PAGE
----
Wow! Great replies.

by | Apr 14, 2001 | Archives

Your differing comments to the messages we share is incredibly enlightening. Our last message (Larry Grossman voiced his concern with Ponzi schemes) gave incredible food for thought. I share it here with you.

The first comment from a reader who asked for clarification.

1st Comment: “What is a Ponzi Scheme? Is that a Multi Level Marketing situation?”

1st reply: Ponzi schemes are quite different from multilevel programs. My definition of a Ponzi scheme is an untruthful promotion that offers really high returns (often 10% to 20% per month). I have personally seen or heard of (when they went bust) investments that included traders who claimed to be extra successful at trading bonds, shares or commodities. In others money was purportedly invested in industrial wine (no such thing), diamonds, gold, silver and wholesale groceries. In another a Hispanic female claimed she used the money to finance government contracts she obtained because of her dual minority status. There are so many that purport to invest in big blocks of money, bonds, commercial paper or other types of financial instruments or currencies that I couldn’t even count.

What the promoter offers does not matter much because few investment are ever made, if any at all. The money received from investors supports the promoter’s lavish life style and some of it is returned as a high return to the initial suckers (investors) who get in the scheme. This high return is advertised by word of mouth (by those who have received and brag about their payments and good luck). New investors bring in more money which is in turn spent and partly used to support the high interest payments, but never successfully invested. In the end when the fraud is discovered most of the investors lose most or all their money.

A multilevel marketing program is one where the sale of a product for end use is often linked to becoming a distributor of the product as well. Some multilevel programs are good and I use several products myself that are marketed by multi level programs. However I do not participate in multi level programs at the distributions level. I explain why after we review the second comment.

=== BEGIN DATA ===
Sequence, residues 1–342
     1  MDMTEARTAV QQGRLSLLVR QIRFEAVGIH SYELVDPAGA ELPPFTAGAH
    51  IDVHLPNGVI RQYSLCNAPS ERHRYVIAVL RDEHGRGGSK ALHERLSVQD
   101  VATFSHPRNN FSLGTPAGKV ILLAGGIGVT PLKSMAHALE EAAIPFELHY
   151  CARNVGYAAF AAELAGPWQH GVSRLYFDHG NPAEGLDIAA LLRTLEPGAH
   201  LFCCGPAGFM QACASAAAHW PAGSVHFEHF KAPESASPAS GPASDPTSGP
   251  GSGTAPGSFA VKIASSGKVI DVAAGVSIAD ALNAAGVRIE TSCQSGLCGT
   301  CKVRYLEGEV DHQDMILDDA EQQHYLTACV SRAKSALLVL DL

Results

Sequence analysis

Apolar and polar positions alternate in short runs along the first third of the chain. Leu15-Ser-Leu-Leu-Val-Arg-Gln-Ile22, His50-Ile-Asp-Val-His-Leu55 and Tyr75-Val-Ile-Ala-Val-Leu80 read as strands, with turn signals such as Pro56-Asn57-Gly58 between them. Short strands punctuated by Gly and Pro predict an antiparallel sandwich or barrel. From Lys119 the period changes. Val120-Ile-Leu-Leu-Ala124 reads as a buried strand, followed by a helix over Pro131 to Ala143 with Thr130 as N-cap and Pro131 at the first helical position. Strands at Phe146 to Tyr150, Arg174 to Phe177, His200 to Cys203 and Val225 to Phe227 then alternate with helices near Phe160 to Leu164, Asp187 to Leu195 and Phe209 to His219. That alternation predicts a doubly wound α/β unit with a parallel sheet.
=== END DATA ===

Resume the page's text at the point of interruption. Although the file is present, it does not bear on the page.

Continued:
2nd Comment: You and your eClub advisors appear to be suffering from “economic correctness”. I invite you to read the article, “How to Overcome ‘Economic Correctness'”.

I looked at the article. The gist of it was to question the ideals of honesty, hard work and caution. The article compared economic correctness to political correctness and suggested that these ideals somehow blocked the process of making money. Here is a precise of one part of that article:

“The man’s dad was a teacher who became Superintendent of Education in Hawaii — his “poor dad”. Early in his life, the man also obtained a mentor — his “rich dad”. From his poor dad the man learned economic correctness: get a job; work hard; “if it sounds too good to be true, it probably is”; “you must have security”; “money doesn’t grow on trees”; “money is dirty — you don’t know who may have touched it”; “the love of money is the root of all evil”; “MLM is evil”; etc.

From his rich dad the man learned very different lessons — lessons that enabled him to become rich. The main reason people struggle financially is because they spent years in school but learned nothing about money. The result is, people work for money… but never learn to have money work for them. Could it be that, just as in the Middle Ages the religious elite didn’t want the rabble to read the Bible, in our “modern world” the economic elite don’t want the workers to understand money, in order to make it easier to keep them in economic bondage?

The article goes on from there suggesting that honesty, truth, hard work, etc., are economically correct and bad.

2nd reply: I invite you to read the Millionaire’s Success Factors in the book the Millionaire Mind by Thomas J. Stanley Ph.D. page 34. Dr. Stanley interviewed 733 millionaires and asked them to rate the top 30 reasons for their success.

Here are the top six: #1: Being honest with all people. #2: Being well disciplined. #3: Getting along with people. #4: Having a supportive spouse. #5: Working harder than most people. #6: Loving my career/business.